Community, UH System divided over where to build campus


Aug. 14, 2010 at 3:14 a.m.

Geanie Morrison

Geanie Morrison

Some community leaders and the University of Houston System are sharply divided over the best location for future growth of the University of Houston-Victoria.

Members of the Crossroads Commission on Education met Friday with the University of Houston System to discuss its plan to build on the 20-acre UHV campus.

The commission, formed by State Rep. Geanie Morrison in February, researched and recommended a new campus to be located on a donated 100-acre plot of land near Loop 463.

"We're looking at both of those plans and looking at the positives on both of them and working together on what the needs are and seeing what we need to do," Morrison said.

The existing 20-acre campus is projected to run out of space in the next five years if no other buildings are constructed, said Jeff Bauknight, who helped research university projected growth for the commission.

At that point, UHV would have about 1,800 face-to-face students and could build one additional building, but would be completely out of space by 2020, he said.

"We know that if we meet these projected growth goals of students, then we're going to run out of square footage on campus. So we're going to look at different options to satisfy that," he said.

But building on the campus could be problematic not only because of space concerns.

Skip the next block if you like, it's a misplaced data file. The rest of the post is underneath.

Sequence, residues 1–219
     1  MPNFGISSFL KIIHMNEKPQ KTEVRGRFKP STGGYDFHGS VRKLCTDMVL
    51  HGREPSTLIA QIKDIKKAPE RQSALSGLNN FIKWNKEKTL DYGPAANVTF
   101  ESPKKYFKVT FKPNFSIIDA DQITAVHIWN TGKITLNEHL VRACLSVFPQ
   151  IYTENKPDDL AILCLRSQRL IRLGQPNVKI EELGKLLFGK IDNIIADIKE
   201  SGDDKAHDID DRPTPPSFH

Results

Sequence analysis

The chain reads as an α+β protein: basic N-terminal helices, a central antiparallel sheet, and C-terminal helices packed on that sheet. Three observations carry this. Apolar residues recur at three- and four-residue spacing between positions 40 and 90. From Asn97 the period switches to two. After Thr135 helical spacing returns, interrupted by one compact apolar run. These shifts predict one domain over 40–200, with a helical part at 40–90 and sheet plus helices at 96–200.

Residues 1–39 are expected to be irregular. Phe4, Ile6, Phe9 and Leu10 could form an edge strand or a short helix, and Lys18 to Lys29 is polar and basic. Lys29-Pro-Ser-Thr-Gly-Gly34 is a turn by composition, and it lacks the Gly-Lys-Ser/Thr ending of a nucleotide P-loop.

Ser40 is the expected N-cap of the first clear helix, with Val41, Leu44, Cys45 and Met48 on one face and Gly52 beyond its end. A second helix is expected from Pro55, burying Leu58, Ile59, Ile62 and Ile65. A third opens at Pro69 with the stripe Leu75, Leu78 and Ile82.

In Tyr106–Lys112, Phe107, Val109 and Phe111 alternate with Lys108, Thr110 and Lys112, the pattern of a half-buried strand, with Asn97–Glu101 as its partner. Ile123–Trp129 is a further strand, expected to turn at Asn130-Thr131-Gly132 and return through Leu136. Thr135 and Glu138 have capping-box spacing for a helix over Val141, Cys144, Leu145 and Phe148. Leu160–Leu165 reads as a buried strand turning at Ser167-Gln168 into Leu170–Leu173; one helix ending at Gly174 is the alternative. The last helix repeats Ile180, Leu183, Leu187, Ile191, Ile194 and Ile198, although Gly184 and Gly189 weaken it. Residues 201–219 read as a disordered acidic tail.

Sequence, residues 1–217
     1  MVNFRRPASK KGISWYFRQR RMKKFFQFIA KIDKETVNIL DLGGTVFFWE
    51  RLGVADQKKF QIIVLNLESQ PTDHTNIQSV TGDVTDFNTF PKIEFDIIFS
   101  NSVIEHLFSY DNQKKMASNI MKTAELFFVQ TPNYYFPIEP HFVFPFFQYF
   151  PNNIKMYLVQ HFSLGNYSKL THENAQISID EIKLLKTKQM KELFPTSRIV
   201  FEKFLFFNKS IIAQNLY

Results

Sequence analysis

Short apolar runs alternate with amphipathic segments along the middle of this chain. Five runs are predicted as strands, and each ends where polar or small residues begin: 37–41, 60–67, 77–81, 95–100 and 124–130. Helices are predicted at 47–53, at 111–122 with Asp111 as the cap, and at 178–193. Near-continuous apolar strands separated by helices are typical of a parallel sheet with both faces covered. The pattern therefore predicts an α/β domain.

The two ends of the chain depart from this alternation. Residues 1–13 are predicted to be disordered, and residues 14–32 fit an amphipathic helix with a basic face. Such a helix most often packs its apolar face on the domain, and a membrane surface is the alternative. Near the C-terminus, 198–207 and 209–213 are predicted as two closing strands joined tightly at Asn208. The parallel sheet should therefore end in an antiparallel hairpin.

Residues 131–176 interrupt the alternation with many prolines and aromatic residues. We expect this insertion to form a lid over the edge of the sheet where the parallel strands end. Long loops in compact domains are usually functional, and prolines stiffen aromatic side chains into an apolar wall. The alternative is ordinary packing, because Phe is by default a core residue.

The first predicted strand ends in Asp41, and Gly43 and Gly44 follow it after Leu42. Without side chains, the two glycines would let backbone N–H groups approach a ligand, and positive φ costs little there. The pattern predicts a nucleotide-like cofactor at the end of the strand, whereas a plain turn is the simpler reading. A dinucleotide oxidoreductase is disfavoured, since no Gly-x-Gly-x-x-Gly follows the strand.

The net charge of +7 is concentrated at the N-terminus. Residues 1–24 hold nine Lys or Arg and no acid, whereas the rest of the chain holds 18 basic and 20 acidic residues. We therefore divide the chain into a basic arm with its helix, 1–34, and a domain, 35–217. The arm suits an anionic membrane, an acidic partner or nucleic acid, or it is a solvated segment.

"We're also looking at issues related to the infrastructure," said Dennis Patillo, who chaired the infrastructure sub-committee for the commission. Things like water and sewer lines would have to be taken into consideration, as opposed to building at the 100-acre location near Loop 463 where there is little development.

Patillo said the system is not looking far enough ahead for growth in the community.

"They're looking at really immediate needs and when you talk in terms of a major expansion or development then 10 years is a fairly short horizon," he said.

The commission also recommended the system request $71.5 million from the state to make the expansion happen.

The system will submit Monday a request to the legislative budget board and the governor's office of budget and planning asking for $61.5 million in tuition revenue bonds and about $6.5 million of special funding for expansion and UHV programs.

A hearing will be held in September, then the board and the system will have a chance to add corrections to the request.

The request is one of five the UH System is submitting.

Carroll Robertson Ray, chairwoman of the UH board of regents, said although plans are not final, she believes the current location will be sufficient for the near future.

"The ability for us for to give the students a good student experience would be very difficult if we had one lone building out on 100 acres miles away, as opposed to bringing that building into the complex that's already here," she said.

The requests come at a time when the state is in an $18 billion deficit and less than a week after the transfer of former UHV president Tim Hudson, who adamantly advocated for university growth.

Morrison said the change in leadership will have no effect on plans to expand the campus.

"That will not impact the campus expansion," she said.

After Friday's meeting, a subcommittee was developed with members from the commission and the UH System to continue studying plans to build on the current campus.

That group plans to meet again soon.



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